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    Our tent

    Our tent

    The Tea Party movement has been pronounced dead more times than one can count.

    Vilifying and demonizing that great unwashed semi-libertarian freedom movement has been an almost full-time focus of the mainstream media and left blogosphere; in a sign of national unity, Republicans have held the left’s hand when it comes to the Tea Party movement.

    So it’s no surprise that the Tea Party movement’s negatives have risen.

    But a funny thing happened on the way to the hatefest visited on the Tea Party movement over the past four years.

    The Tea Party movement has driven the national dialogue since 2009 over issues of national debt and deficits, taxes and entitlements, government control versus individual freedom.

    Would you like a drone with your Obamacare?

    That dialogue could not stop Obama’s reelection for a variety of reasons many of which were peculiar to the Obama phenomenon and the nature of the Republican primary system, but even Obama is talking (only talking) about the issues the Tea Party has driven to the forefront.

    Also listen to Karl Rove (the new shiny object of hate glimmering in the eye of the conservative movement at the moment) and Bill Kristol (frequently cited as part of the problematic Republican establishment) in recent interviews:

    The question normally is phrased as to whether the Tea Party movement should have a place under someone else’s tent.

    Pop quiz —

    Whose tent is it now?

    You just didn’t realize it.

    Keep on keeping on.

    And in my humble opinion, our tent should be big enough for Karl Rove and Bill Kristol, and Democrats who share our concerns. But more on that later.

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    Henry Hawkins | February 7, 2013 at 11:39 am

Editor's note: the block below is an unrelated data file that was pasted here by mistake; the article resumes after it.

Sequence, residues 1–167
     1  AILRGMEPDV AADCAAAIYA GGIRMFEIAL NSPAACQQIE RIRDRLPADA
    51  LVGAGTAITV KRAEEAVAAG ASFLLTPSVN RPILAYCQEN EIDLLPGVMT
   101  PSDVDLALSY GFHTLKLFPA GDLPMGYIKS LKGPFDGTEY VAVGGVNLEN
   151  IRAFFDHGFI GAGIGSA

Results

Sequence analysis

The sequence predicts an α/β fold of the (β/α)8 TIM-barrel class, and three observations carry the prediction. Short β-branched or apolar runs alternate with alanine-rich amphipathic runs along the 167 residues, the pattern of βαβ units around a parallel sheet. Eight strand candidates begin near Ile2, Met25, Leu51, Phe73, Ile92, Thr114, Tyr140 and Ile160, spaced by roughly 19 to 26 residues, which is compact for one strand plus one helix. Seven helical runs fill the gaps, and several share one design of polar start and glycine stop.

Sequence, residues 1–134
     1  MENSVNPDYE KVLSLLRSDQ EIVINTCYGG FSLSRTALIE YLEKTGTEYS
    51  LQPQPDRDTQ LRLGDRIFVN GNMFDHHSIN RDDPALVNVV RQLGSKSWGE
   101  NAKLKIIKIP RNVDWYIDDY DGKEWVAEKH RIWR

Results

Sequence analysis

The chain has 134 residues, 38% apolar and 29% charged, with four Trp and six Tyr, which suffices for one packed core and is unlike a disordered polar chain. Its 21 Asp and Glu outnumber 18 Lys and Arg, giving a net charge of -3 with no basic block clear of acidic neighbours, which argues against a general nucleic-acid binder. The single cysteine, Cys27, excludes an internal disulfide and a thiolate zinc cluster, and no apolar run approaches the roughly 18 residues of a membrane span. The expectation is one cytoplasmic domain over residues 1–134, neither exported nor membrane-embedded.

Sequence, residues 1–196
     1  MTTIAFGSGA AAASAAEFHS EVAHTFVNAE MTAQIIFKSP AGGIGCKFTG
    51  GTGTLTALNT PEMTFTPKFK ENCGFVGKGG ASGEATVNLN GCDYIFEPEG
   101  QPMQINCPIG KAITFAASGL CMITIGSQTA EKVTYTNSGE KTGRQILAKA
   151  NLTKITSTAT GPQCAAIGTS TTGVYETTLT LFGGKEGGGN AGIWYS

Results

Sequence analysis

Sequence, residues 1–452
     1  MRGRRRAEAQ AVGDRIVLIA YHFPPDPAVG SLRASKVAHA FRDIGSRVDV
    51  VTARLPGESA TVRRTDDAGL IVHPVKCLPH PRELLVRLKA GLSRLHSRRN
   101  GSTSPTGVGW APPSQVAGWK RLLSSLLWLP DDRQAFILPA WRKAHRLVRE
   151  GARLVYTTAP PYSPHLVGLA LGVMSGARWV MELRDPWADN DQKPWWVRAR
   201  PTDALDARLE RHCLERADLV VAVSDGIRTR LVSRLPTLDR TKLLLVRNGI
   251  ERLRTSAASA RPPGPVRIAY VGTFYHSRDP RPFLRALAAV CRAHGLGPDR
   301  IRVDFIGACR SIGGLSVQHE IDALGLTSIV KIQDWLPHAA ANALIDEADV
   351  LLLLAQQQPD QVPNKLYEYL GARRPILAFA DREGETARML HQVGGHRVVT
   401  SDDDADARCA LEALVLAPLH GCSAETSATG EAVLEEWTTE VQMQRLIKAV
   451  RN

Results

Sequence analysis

What is the purpose of ‘the tent’ and could its size ever defeat its purpose?

    Rove, and so many, many others like him, insert themselves between the voters and the candidates as a self-imposed filter designed to screen out whichever candidates and/or ideas are disliked by those who finance the Roves and all the other players. On the one hand it feels like unwanted and undue negative influence on the voting process. On the other, it feels like freedom of speech exercised by letting one’s donated dollars speak through a organization trusted by the donor.

    The tent holding everyone doesn’t get bigger, just more crowded. It gets louder and uglier. (Hey, maybe if we put all these cats and dogs in the same cage they’ll learn to get along!).

    If you wanted to create a Washington insider too hooked on power, money, and influence (HIS) to recognize his moment on the stage has passed and that his successes, such as they were, are far, far behind him, you’d use Karl Rove as your model.


       
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      Ragspierre in reply to Henry Hawkins. | February 7, 2013 at 12:57 pm

      If you wanted to create a Washington insider too hooked on power, money, and influence (HIS) to recognize his moment on the stage has passed and that his successes, such as they were, are far, far behind him, you’d use Newt Gingrich as your model.

      Now, that is NOT my position, but it has been stated by others with passion (and accuracy) equal to yours.

      Ron Paul is a terrible person to me, but he still has some valuable things to contribute.

      PLUS, what are you gonna do? Do you want to muzzle Rove?

      Let me suggest a better idea; let’s beat him in the arena of ideas. Maybe better still…convert him.

    I support a third party movement. If enough Senators and Congressmen would switch parties to a third party, it would bring both sides to their knees. A stray Senator or Congressman here or there leaving the GOP isn’t significant, but if an orchestrated mass defection could be arranged, it could work to bring some common sense to the insanity in our government.

    The Senate belongs to Dems, so not much to do there. In order to influence the House, we need to alter the balance by controlling at least 17 seats. I think that’s do-able. Using that bloc of 17 votes can swing the majority. Even better would be if that group could control at least 33 seats, which would put the Dems and Repubs even at 201, which would be a much more powerful group. The first scenario would impact Repubs most; the second would impact Dems and Repubs alike.